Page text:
Conditions in Vietnam War

March 27, 2022
Forging ahead: U.S. Marine

external image 275px-Vietnamtunnel.jpg ​Conditions of Warfare in Vietnam
By Tahlia, Caitlin and Maddy

People whether it was men or women (as nurses) they were under extreme mental and physical pressure. They had to deal a lot with the mental side of the war – watching people die, facing the terrible threat that the war could take your life but not only all the mental but physical as well – fighting under extreme conditions, using a gun while you’re running to save your life. All together this was a big feat for people in the war. The conditions were often fatal but there were some warfare conditions that were less significant but were still a factor in the war - Tahlia

Here is a video to start off and this is the blurb from the creator. The link is below too.
This is a video I put together with real video and real facts and is a tribute to all the Vietnam War Veterans, Fallen and Alive and those still missing.
91% of Vietnam Veterans say they are glad they served.
74% said they would serve again even knowing the outcome.
Vietnam Veterans are less likely to be in prison - only 1/2 of one percent of Vietnam Veterans have been jailed for crimes.
97% were discharged under honorable conditions; the same percentage of honorable discharges as ten years prior to Vietnam.
85% of Vietnam Veterans made a successful transition to civilian life.

More Facts

  • Longest war in US history
  • More than 58, 000 killed
  • 300, 000 wounded
  • 14, 000 disabled
  • 800, 000 Vietnam veterans diagnosed as having significant to sever problems of readjustment

agent-orange-cropdusting.jpg Booby Traps wer e very dangerous and hard to identify where they were located.

Living and Fighting Conditions
The Vietman war was a jungle war. They had to battle snakes, leaches, mosquitoes, etc. There were booby traps located everywhere. There were various fevers, snake bites and "jungle rot". The soldiers traveled light and quiet and snipers they were hard to spot and difficult to destroy. Americans began to change their diet to rice and fish so that the soldiers couldn't track there location and movements. Fighting any war on the enemies turf is always harder. Many of the soldiers lived underground in tunnels that went for miles. The Vietcong (army in south Vietnam) hid behind innocent villagers and therefore the Americans had no choice but to kill innocent women, children and the elderly.

The soldiers fought in mud, tropical rains, extreme heat. They had to battle the "red rain" (Agent Orange) and there was also Agent White. They had some entertainment, but not as much as one would think. Drinking and drugs became a way of life for them to survive the horrors of the war and to try and forget. Many soldiers were highly addicted to morphine because they had been wounded and were not weaned off morphine properly (doctors had terrible conditions to work). - Referenced from

510ad6cb2423128e_large.jpg These are the 'living conditions' they had to put up with during the war, drinking from a dirty drink bottle and cooking on outside stoves.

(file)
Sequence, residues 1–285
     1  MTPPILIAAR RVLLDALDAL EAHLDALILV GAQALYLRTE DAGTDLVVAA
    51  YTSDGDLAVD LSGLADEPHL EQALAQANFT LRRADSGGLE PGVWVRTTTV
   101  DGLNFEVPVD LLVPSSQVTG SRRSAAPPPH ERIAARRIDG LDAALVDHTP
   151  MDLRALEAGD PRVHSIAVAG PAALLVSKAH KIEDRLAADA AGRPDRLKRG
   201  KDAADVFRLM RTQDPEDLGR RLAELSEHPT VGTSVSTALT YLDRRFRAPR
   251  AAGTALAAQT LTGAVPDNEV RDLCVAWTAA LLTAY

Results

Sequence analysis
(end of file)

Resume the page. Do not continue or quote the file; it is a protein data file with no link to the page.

Some of these less important conditions were things like – Extreme heat, Sun burn, blisters, booby traps of all kinds of varieties, dehydration, monsoon season, red dust, jungle rot, bush animals and insects like snakes, spiders, rats, leeches, poisonous centipedes, fire ants, scorpions, diseases such as malaria as well as trying to keep you sane so you wouldn’t go mad. - Tahlia
Troops fighting in Vietnam. "The Jungle War".

Some of the weaponry used during the Vietnam War
Medical Conditions
Hospitals had to work around the clock during the Vietnam War. Injured solders would come in without much warning and the doctors and nurses would have to operate for as long as 36 hours – maybe more – at a time.
At the front line there were small Medic stations where the medics there would put gauze over the wounds and stop the majority of blood flow before the soldiers were taken to the hospitals via bus, jeep or chopper where the doctors would operate and completely patch up the wounds. When the soldiers were healed enough to be sent back to their units they would be taken back via bus or jeep. If they weren’t healed enough they would be sent home. To be sent home, the soldiers had to have: lost a limb; lost eyesight; spinal cord injury; head wound; critical burns; etc.
Medic stations had to work through bombing and shelling.
Two of the most common causes for being evacuated to a Medic Station and then hospital were broken bones and shrapnel wounds and Agent Orange.
Used during the Herbicidal Warfare program by the United States Military during the Vietnam War, Agent Orange was used to clear the immense number of trees blocking the view of bomber planes. 4.8 million people were exposed to Agent Orange resulting in 400, 000 deaths and disabilities. 500, 000 children were born with birth defects. The chemicals in Agent Orange caused fire and serious burns. Agent Orange was the most used of the “Rainbow Herbicides”.
Broken bones and shrapnel wounds were unfortunately not a rare occurrence during the Vietnam War. Soldiers could get bones broken and shrapnel wounds as a result of bombs, torpedos, etc. Soldiers getting caught in booby traps could also lead to broken bones and shrapnel wounds. - Caitlin

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US Army Training in Vietnam - Training to Survive Jungle
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The Conditions of the Vietnam War
The Conditions of the Vietnam War
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